The much-maligned deep-fried Mars bar is coming under attack again. Photograph: PA Photograph: Danny Lawson/PA
by Chitra Ramaswamy
Birthplace of the World Famous Deep Fried Mars Bar,” the banner announces. It’s vast, proud, and under threat.
Welcome to The Carron Fish Bar in Stonehaven, Aberdeenshire, where 20 years ago – so the legend has it – two pupils from the local academy challenged each other to eat a load of random battered stuff, resulting in the Scottish delicacy (or culinary embarrassment, depending on who you talk to) known as the deep-fried Mars bar.
Aberdeenshire council refuses to share The Carron’s pride and has demanded the banner’s removal. Lorraine Watson, the Carron’s owner, remains unapologetic and tells me the deep-fried Mars bar tastes “like a warm millionaire’s shortbread” and is going nowhere.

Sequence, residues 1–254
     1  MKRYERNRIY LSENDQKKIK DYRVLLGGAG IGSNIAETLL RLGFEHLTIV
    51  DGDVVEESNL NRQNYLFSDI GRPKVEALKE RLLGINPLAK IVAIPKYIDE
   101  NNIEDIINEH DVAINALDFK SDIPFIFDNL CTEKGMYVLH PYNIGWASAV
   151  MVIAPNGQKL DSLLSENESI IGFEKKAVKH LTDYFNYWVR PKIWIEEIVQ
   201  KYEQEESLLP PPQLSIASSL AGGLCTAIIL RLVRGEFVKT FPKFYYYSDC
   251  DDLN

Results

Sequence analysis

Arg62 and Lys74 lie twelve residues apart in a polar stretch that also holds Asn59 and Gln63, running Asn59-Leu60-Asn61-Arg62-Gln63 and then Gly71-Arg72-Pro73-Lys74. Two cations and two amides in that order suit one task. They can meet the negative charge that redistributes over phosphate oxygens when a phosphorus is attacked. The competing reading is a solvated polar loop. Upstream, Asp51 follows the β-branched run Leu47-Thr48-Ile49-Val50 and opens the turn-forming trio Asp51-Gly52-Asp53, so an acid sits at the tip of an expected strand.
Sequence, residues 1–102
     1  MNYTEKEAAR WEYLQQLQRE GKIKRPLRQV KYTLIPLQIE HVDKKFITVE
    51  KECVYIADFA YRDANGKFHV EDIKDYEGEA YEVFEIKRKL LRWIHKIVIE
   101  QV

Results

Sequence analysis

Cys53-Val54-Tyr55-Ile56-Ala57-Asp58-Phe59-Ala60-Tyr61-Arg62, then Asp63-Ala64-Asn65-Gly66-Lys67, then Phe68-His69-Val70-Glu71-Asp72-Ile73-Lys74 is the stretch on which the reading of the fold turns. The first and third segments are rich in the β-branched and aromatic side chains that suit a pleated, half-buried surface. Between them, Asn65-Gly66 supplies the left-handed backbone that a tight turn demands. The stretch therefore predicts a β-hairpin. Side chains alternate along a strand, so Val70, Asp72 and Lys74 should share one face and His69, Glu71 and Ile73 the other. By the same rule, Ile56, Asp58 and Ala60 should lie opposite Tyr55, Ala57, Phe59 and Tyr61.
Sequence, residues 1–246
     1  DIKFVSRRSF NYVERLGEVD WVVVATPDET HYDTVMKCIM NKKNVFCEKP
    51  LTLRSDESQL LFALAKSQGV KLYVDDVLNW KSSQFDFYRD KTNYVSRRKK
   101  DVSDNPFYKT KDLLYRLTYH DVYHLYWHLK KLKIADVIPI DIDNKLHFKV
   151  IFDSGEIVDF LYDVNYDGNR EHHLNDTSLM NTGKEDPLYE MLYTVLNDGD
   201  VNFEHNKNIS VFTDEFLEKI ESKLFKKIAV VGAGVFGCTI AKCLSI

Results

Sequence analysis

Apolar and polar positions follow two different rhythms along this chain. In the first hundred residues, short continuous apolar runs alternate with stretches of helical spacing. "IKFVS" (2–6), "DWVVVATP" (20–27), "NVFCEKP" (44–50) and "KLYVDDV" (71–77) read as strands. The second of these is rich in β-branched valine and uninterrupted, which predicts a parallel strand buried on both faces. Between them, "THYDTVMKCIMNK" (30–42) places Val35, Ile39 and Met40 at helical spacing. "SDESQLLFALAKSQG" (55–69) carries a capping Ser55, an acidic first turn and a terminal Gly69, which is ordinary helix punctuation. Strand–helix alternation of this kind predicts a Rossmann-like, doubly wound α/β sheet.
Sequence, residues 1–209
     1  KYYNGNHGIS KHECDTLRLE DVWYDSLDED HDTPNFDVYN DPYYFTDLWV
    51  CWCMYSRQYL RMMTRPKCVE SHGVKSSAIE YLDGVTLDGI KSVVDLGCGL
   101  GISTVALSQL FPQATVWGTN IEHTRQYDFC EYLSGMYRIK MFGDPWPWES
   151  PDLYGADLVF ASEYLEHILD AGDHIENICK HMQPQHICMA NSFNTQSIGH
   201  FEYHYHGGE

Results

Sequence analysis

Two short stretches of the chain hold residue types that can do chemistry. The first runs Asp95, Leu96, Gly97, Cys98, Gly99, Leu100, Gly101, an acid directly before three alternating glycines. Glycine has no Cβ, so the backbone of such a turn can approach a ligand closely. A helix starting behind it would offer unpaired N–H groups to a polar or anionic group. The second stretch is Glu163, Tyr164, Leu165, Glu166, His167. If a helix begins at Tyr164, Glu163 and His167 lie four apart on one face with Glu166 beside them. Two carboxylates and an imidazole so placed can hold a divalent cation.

The Carron currently sells 150-200 bars a week. “The council are now saying it’s the banner that’s the problem, not the fact that it’s about deep-fried Mars bars,” she says. “Well I’m sorry, but there are thousands who come here from all over the world to buy one. It’s an icon for Stonehaven.”
Does she think the deep-fried Mars bar, which boasts its own Wikipedia page and has been featured on The Tonight Show with Jay Leno, has been unfairly blamed for Scotland’s record on obesity and ill-health?
“Yes,” she says. “It’s really for tourists.
And everything is bad for you if you do it enough. People come here to go to Dunnotter Castle and then have a deep-fried Mars bar as a wee treat. I don’t think there’s anything wrong with that.”